Mediator Tips: Mitigate Conflict with Collaboration

I’m psyched to bring my Resolve Conflict Now training to BBG’s audience of HR professionals on September 18, 2019, in the comfort of their own offices - not BBG’s offices; this is a webinar anyone can join. It’s also free! Register here.

Part of the 101-level, one-hour webinar will focus on how to build a collaborative workforce. I sum it all up with four keys:

  • Curiosity

  • Kindness

  • Engagement

  • Shared purpose

Let’s take them, briefly, one by one.

Curiosity

Your mindset is always a choice: When you can, choose curiosity. Someone at work is in your face, or didn’t do something they’re supposed to, or did do something they are not supposed to do. Instead of focusing on blame or disappointment, choose to get curious - Why did they behave that way? What might be happening that’s motivating them to do that thing that’s completely awful, in your opinion? Why exactly do you think it is completely awful?

Have a conversation with...

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PERK Up Your Workplace

Someone asked me recently what the key is to happiness at work. I follow the PERK formula: Purpose, Engagement, Resilience, and Kindness.

Purpose

Feeling happy at work requires knowing your purpose. Purpose has nothing to do with money. It’s not about a paycheck or profits. It’s knowing that what you do makes a difference in the world. Purpose is not necessarily about doing good; the difference may be about social status or power or something relatively insignificant - like - I make things people can store stuff in. Those who can easily connect their purpose to dearly-held personal values are even happier.

If you show up to work just for the paycheck, it’s not necessarily time to find a new job - spend some time thinking about your personal values, about everything you do in your job, and consider ways an outsider might view your job - perhaps a happy customer, for instance. Think about ways to connect your values with the benefits your job provides to others.

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Active Listening Cues

Most recently, my clients have either benefited from - or explicitly requested - information about active listening. As a mediator, active listening is one of my most important skills. Active listening:

  • Is the best way I know to ensure that I understand what is being communicated.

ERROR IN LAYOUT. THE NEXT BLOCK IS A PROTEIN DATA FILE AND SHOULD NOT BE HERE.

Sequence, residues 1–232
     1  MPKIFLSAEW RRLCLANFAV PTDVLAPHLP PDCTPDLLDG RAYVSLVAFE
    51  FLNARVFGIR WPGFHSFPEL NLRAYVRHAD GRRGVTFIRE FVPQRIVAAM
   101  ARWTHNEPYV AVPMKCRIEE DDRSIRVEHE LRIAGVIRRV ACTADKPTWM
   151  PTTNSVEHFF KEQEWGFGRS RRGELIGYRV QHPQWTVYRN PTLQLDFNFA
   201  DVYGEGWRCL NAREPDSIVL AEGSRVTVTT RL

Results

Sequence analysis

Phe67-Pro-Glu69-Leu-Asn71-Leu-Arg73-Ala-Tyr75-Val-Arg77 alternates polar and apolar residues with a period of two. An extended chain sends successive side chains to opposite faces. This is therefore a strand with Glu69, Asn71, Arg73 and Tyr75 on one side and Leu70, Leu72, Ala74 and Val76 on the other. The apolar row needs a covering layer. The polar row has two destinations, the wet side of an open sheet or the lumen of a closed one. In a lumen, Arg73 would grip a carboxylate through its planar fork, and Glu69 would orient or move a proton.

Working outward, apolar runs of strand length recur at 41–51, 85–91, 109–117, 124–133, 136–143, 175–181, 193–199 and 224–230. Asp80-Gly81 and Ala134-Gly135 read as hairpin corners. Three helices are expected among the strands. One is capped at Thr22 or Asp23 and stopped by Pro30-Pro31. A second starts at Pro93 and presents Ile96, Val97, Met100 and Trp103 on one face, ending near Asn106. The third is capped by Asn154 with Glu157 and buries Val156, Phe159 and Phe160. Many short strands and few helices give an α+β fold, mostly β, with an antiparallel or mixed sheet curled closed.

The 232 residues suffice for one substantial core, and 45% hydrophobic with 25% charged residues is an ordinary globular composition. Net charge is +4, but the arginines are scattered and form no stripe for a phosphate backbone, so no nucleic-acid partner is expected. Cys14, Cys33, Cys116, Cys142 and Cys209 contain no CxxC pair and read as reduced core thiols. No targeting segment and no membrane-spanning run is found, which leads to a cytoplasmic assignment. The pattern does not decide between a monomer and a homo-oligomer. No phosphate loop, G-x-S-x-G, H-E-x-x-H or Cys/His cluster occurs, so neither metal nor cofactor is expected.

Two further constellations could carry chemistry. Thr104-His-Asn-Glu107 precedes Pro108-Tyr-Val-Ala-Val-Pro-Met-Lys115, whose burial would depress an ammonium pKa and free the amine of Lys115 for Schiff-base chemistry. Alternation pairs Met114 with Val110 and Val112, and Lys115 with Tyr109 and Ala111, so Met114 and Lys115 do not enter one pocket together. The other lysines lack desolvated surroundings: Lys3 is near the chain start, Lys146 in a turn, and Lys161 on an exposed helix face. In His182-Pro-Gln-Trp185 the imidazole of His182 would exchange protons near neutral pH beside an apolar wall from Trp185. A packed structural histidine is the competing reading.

• Allows me to ask about and better empathize with the emotions behind whatever is being said.

  • Helps forge and enhance relationships - professional and personal.

I’ve written about active listening before, and today I read a new, short piece by Daniel Goleman about it. He writes about what research has shown, namely that active listening requires sensing, processing, and responding. Most importantly, it requires unitasking - shut off the phone, turn away from the screen, and - if at all possible - shut down the part of your brain that brings up your to-do or shopping lists!

Still, both my previous posts and Goleman’s latest provide more of a philosophy than a basic tips sheet on active...

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Prioritize the Positive: Summer Hours

Recently I spoke with a colleague about something that sounded eerily familiar: Her company had just instituted summer hours, but the information required by HR for managers to share with employees informing them of the new benefit sounded strangely punitive.

This had happened to me at another workplace, several years ago, in a different industry altogether.

 

Summer Hours Offer Flexibility & Autonomy

Summer hours are lovely: Put in a little extra time four days a week (usually a half hour added to the beginning or end of the day), and leave at lunchtime on Friday. Or, use the same small addition of extra time, and get every other Friday off. Summer hours are a form of flexibility that recognizes that many people, no matter what phase of life you may be in, like to spend summer weekends traveling or relaxing - so much so that they may be distracted and less productive at work even when they’re at the office! This policy is a nice way to keep productivity levels...

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Options for Legal Services

Let me first say: I am not a lawyer. Nothing in this post is intended to give you legal advice!

Now, as a mediator I am sometimes asked about how to find a lawyer. While many mediators are lawyers, I am not – and even if your mediator is a lawyer, they are not allowed to represent you or give you legal advice while mediating!  (A lot of mediating is about neutrality, and the mediator would not be a neutral third party if they gave one side legal advice.)

Since I became a mediator, I have learned about a few options for people who think they need a lawyer. These are either low/no-cost services, or, services that are intended to put you in touch with a lawyer who you then can decide whether or not to hire. There are three services local to where I live that I’ll highlight in this post.

Legal Services of Northern Virginia (LSNV)

LSNV is a nonprofit whose mission is to provide access to justice for disadvantaged individuals and communities. Designed to help...

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What Listening Has to Do with Retention